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Acide mandélique et taches brunes.

Hyperpigmentation: Can Mandelic Acid Fade the Appearance of Brown Spots?

Sun spots, pregnancy masks, post-acne brown marks... they all refer to a form of hyperpigmentation. They alter the uniformity of the complexion and can be unwanted, even though they are benign. Fortunately, by adopting the right active ingredients, it is possible to reduce them and AHAs are a good remedy. Is this also the case with mandelic acid?

Where Do Pigmentation Spots Come From?

Known under different names, hyperpigmentation is the appearance of small areas that are darker than the rest of the skin. It comes from an increase in the production of melanin (melanoderma), the protective brown pigment of the skin, and its accumulation on certain areas of the body: face, hands, neckline especially. Exposure to radiation, hormonal disorders, genetic predisposition, skin aging... there are several factors that lead to this phenomenon: free radicals, sun exposure, hormonal variation, inflammation, pollution... Under the term "brown spots" are hidden several typologies according to their origin.

  • Sun spots: generally appearing around the age of 40, these more or less round-shaped spots, present in varying numbers on the skin, are common on fair skin and generally affect the areas most exposed to the sun, such as the back of the hands, the neckline or the face. They are induced by overexposure to the sun or artificial UV light.

  • Melasma: common in women, this type of hyperpigmentation takes the form of pigmented patches that are often symmetrical and more or less limited, generally distributed on the forehead, cheeks, upper lip and temples. It mainly affects women with a darker phototype. Pregnancy, taking the contraceptive pill or hormone replacement therapy... This type of spot is linked to a hormonal change: an increase in the levels of female hormones that stimulate the production of melanin. A genetic predisposition has also been added as a responsible factor.

  • Post-inflammatory hyperpigmented marks: these brown spots appear following skin inflammation (acne, burns, wounds, eczema, etc.) during the healing process. The pro-inflammatory molecules sometimes stimulate the melanocytes, leading to an increase in the production of melanin.

Can You Reduce Hyperpigmented Areas With Mandelic Acid Exfoliation?

Mandelic acid is an aromatic compound in the alpha hydroxy acid (AHA) family, comparable to glycolic acid and lactic acid. It comes from the bitter almond, a variety of the wild almond tree. Exfoliating, antioxidant, anti-microbial, anti-inflammatory... Thanks to its numerous properties, mandelic acid is used in the composition of various skin care products: it is notably an excellent treatment for acne and various skin inflammations. In addition, it is appreciated for its gentle action: its high molecular weight makes it gentle compared to other fruit acids.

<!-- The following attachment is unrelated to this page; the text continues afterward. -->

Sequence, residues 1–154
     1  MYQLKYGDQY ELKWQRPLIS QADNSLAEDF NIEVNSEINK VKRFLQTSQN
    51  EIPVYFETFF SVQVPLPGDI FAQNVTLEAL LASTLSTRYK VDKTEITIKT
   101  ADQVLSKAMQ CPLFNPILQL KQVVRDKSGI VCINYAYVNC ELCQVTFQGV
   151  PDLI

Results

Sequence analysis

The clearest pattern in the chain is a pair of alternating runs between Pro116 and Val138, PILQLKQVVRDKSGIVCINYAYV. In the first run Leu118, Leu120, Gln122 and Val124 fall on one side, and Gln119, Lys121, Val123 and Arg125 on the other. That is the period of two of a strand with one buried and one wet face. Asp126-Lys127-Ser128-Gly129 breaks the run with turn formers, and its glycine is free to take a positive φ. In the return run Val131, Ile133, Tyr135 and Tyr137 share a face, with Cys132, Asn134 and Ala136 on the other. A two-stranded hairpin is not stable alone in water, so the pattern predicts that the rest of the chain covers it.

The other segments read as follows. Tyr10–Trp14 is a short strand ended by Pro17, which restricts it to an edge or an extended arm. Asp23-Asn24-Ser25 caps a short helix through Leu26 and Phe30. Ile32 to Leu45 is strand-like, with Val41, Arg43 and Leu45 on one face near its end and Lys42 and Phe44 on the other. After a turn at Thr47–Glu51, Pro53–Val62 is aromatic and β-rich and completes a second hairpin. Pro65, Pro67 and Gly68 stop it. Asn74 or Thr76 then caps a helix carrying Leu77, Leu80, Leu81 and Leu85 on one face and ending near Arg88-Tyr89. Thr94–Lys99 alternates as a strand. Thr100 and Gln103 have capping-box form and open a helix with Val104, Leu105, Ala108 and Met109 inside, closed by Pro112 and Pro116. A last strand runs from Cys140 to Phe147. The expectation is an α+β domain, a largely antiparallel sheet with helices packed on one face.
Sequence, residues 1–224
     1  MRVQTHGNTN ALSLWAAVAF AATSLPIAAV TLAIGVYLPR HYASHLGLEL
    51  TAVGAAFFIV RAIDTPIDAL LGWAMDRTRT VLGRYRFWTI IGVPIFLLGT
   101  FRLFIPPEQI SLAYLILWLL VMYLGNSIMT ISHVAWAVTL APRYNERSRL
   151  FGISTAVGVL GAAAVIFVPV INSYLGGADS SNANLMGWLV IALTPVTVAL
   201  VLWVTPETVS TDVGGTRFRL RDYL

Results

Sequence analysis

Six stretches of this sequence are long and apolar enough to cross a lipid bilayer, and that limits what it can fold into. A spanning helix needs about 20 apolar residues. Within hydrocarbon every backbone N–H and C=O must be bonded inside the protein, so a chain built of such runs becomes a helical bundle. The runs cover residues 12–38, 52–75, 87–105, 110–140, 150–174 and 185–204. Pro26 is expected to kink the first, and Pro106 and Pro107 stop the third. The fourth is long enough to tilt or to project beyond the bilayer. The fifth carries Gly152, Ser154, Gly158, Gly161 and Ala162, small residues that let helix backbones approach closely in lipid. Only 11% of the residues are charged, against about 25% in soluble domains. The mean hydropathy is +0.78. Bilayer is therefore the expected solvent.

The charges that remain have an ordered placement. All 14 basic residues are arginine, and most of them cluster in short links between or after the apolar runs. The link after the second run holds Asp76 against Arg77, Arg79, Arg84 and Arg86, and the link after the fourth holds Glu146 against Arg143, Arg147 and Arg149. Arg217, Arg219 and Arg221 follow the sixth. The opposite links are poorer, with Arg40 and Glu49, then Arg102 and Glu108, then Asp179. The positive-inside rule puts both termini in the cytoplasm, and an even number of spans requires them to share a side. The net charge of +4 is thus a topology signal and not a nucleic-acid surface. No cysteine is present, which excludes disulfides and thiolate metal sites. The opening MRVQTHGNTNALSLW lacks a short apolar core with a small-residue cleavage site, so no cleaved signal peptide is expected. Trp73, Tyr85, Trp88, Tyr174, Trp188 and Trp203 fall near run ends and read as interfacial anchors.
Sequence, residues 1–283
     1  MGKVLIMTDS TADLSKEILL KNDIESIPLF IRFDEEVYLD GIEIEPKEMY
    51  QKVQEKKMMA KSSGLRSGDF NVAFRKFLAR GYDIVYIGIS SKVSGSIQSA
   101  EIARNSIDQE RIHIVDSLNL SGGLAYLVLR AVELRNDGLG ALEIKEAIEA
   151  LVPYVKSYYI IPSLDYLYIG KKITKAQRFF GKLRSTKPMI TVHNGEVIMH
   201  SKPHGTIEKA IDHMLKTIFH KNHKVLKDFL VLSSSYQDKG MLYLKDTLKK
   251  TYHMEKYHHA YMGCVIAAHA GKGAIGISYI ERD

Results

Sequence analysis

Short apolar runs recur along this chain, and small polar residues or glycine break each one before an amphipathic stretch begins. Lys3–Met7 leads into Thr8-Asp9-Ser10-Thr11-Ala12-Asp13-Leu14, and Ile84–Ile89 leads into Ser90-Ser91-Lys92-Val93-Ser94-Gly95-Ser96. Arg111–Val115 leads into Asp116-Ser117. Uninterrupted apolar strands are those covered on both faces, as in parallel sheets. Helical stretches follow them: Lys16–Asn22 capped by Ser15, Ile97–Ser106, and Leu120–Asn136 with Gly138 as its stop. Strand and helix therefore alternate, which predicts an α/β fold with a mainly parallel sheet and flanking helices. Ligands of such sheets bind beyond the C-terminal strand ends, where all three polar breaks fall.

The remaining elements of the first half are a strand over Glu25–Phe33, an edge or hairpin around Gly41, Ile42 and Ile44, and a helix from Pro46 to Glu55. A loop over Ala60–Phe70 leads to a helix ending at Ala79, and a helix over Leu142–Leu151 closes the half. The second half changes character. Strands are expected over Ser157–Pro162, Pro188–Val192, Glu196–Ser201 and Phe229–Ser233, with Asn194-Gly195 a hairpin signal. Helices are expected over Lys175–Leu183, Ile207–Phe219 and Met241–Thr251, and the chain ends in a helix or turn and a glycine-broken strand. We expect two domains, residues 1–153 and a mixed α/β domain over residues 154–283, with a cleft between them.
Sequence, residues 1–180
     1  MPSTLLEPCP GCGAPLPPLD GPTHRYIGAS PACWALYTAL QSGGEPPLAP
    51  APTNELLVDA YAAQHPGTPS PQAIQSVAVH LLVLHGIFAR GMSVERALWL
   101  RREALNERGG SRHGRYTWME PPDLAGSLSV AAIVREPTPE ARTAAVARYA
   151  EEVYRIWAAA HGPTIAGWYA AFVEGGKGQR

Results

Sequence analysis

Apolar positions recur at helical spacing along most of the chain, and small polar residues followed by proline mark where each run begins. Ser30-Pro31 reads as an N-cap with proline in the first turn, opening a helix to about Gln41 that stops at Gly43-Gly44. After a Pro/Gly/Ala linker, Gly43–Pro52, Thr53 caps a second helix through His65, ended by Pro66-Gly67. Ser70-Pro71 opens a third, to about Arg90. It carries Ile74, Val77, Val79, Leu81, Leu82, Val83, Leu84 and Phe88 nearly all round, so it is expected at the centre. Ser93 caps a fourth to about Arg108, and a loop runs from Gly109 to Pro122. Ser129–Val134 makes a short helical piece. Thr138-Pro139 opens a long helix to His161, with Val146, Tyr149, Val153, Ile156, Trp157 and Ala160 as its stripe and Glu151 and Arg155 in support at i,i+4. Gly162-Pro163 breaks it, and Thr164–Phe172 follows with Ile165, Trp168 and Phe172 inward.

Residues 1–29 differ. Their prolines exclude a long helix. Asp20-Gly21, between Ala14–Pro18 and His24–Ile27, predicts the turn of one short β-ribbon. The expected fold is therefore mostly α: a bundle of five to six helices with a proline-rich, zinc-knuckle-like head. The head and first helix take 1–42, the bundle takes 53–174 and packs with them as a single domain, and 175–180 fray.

In addition to improving acne and the signs of skin aging, some studies have also shown the effectiveness of mandelic acid in reducing the appearance of pigmentation spots, particularly melasma. A 1999 study in which subjects used a lotion with 10% mandelic acid found that it reduced hyperpigmentation in melasma patients by 50% after one month of treatment. In another 2016 study, researchers evaluated the therapeutic efficacy of glycolic acid (35%) and salicylic-mandelic acid (20% salicylic acid/10% mandelic acid) peels in Indian patients diagnosed with melasma. It revealed that both types of acid were equally effective in reducing the appearance of melasma, with a better tolerance for salicylic-mandelic acid, after 12 weeks of treatment. The same observations were made on post-inflammatory hyperpigmentation in a 2008 study.

The key point? By exfoliating the skin, mandelic acid helps to gently peel away the melanin pigmented cells that have risen to the surface of the skin, in addition to promoting the skin's cellular renewal. Thus, these studies have demonstrated its effectiveness in evening out skin tone and making the skin more uniform by performing a semi-regular dermal exfoliation with mandelic acid.


  • TAYLOR M. B. Summary of mandelic acid for the improvement of skin conditions. Cosmetic Dermatology (1999).

  • SARKAR R. & al. Glycolic acid peels versus salicylic–mandelic acid
    peels in active acne vulgaris and post-acne scarring and hyperpigmentation: a comparative study. American Society for Dermatologic Surgery (2008).

  • GUPTA C. & al. Comparative evaluation of efficacy and tolerability of glycolic acid, salicylic acid, mandelic acid, and phytic acid combination peels in melasma. Dermatologic Surgery (2016).


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